The paste was a combination of Type I/II cement, fly ash, micro ash, silica fume, a superplasticizer, a non-chloride accelerator, and a liquid color. Early tests indicated that 90-day strength would easily exceed 10,000 psi.

An additional design challenge was how to structurally reinforce the top and especially the legs of the table because of their respective thickness of 2 inches for the top and 3 inches for the legs.

Our sales representative for Forta Fibers, Kenny Juen, suggested we use Forta Ferro structural fibers for reinforcement. It made perfect sense. The four legs for the table contain no traditional reinforcement other than structural fiber, and allowed us to drill holes for bolting the frame into the thin section without fear of cracking.

The pieces that compose the top use only a carbon fiber grid as the primary reinforcement. This type of reinforcement also helped with the imbedded turnbuckle system to join the five pieces together.

Because of the volume necessary to cast all of the pieces at the same time, the concrete had to be mixed in a ready-mix truck. The concrete used a combination of specialty materials, so all of those materials had to be hand-bagged into the truck. Once it was mixed, the concrete was discharged into wheelbarrows and then hand-placed into the forms. A concrete vibrator eliminated air voids.

We removed the forms six days later, flipped over each piece, and placed them on the steel support structure bolted to the legs. We followed this with two weeks of grinding and polishing.

Final product

Finally, on Aug. 25, we moved the 3700-pound concrete conference table into the second floor conference room. While forming, placing, grinding, and polishing the table was an operation unto itself, after the table was assembled in the laboratory, we had to disassemble it and move it to the second floor conference room four miles away.

Moving a 450-pound piece of concrete 4 inches is one thing, but moving it four miles is altogether different. In something reminiscent of a military mobilization, 15 members of our team and nine trucks moved the table into place.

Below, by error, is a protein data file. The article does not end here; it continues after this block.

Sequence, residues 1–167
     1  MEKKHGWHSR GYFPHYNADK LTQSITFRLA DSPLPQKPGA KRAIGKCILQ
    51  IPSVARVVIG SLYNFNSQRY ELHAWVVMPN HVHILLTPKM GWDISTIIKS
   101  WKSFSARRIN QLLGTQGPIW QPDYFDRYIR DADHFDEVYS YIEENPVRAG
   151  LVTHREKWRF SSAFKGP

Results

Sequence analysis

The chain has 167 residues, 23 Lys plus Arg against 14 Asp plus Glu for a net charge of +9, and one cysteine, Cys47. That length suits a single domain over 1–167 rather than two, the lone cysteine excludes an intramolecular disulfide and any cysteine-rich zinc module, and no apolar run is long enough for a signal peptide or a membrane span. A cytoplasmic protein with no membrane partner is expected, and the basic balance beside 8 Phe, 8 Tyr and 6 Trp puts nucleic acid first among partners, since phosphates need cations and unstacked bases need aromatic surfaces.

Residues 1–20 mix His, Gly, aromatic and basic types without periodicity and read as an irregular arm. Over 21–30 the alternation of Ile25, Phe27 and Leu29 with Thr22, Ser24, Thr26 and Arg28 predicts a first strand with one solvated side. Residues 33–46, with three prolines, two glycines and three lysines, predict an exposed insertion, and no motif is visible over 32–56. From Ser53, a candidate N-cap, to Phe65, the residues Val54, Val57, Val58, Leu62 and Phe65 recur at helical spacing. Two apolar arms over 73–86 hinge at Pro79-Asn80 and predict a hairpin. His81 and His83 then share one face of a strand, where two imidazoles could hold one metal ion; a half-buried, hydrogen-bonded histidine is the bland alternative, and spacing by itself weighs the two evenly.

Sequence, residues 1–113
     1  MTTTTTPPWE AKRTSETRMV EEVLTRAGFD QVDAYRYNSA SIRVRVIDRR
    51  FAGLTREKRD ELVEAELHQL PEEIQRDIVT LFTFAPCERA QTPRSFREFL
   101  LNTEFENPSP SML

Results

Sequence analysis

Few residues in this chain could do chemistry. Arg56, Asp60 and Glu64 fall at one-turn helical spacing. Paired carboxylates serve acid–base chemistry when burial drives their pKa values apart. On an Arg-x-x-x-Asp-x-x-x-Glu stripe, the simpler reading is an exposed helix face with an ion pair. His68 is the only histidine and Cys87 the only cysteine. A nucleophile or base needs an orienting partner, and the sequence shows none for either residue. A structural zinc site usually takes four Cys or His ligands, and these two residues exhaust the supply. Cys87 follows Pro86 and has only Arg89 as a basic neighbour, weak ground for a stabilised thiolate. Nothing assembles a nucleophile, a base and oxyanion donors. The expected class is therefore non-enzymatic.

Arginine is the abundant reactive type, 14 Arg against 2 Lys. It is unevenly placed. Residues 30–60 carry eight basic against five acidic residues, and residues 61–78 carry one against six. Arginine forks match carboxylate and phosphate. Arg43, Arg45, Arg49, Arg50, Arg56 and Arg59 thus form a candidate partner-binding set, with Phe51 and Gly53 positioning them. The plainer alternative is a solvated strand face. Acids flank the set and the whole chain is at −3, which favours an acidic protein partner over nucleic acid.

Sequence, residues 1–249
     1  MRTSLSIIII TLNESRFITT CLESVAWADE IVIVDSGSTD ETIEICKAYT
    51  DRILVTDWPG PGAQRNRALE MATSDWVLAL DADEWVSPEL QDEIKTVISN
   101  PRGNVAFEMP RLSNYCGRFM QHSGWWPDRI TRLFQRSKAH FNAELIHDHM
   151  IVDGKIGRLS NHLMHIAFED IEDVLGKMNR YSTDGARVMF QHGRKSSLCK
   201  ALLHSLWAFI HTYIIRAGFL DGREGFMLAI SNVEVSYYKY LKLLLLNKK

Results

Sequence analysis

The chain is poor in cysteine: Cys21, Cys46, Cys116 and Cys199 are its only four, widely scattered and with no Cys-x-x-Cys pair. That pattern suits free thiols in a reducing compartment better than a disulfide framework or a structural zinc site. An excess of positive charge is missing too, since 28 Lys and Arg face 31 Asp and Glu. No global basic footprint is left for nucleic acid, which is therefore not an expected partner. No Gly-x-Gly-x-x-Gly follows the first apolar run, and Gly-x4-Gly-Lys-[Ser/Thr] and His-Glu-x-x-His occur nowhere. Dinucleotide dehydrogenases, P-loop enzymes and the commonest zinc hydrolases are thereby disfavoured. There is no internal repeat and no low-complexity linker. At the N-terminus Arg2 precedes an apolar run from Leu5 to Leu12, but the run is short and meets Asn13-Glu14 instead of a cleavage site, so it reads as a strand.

Each piece was wrapped and crated for transport. Once all of the pieces were in place, the arduous process of leveling each piece began, resulting in some rather awkward positions.

Once each piece was leveled and secured, we used self-leveling epoxy to fill in the blockouts left for fitting purposes. Returning the next day, the tape was removed, and in-place polishing started.

The finished table is equally as impressive as the effort to get it there. This was one of the most difficult and complicated engineering projects of my career. When people ask if I want to do it again, I politely decline. Unfortunately, my wife has seen it, and we are currently in negotiations to replace her kitchen countertops.

— Richard S. Szecsy is vice president, new product development/risk management, at Lattimore Materials Co., McKinney, Texas. E-mailszecsy1@lmctx.com. Visit the producer atwww.lmctx.com.

Products Used in the Project

  • Cement: Holcim Type I/II
  • Fly ash: Headwaters Class F - Martin lake
  • Microash: Boral Materials - Micron 3
  • Silica fume: Sika Corp.
  • Superplasticizer: Sika Corp. - Viscocrete 2100
  • Non-chloride accelerator: Sika Corp. -SikaMix NC
  • Color: Solomon Colors - Buckskin
  • Coarse Aggregate #1: Lattimore Materials Co. - Stringtown
  • Coarse Aggregate #2: Capital Aggregates -Marble Falls
  • Fine Aggregate (mansand) #1: Lattimore Materials Co. - Stringtown
  • Fine Aggregate (natural sand) #2: Lattimore Materials Co. - Ambrose
  • Fiber: Forta Corp. - Forta Ferro
  • Sealer: CHENG Concrete Countertop Sealer
  • Wax: CHENG Concrete Countertop Wax
  • Polishing pads: DeFusco Industrial Supply, 5-inch diamond pads
  • Edge forms: Steigmeier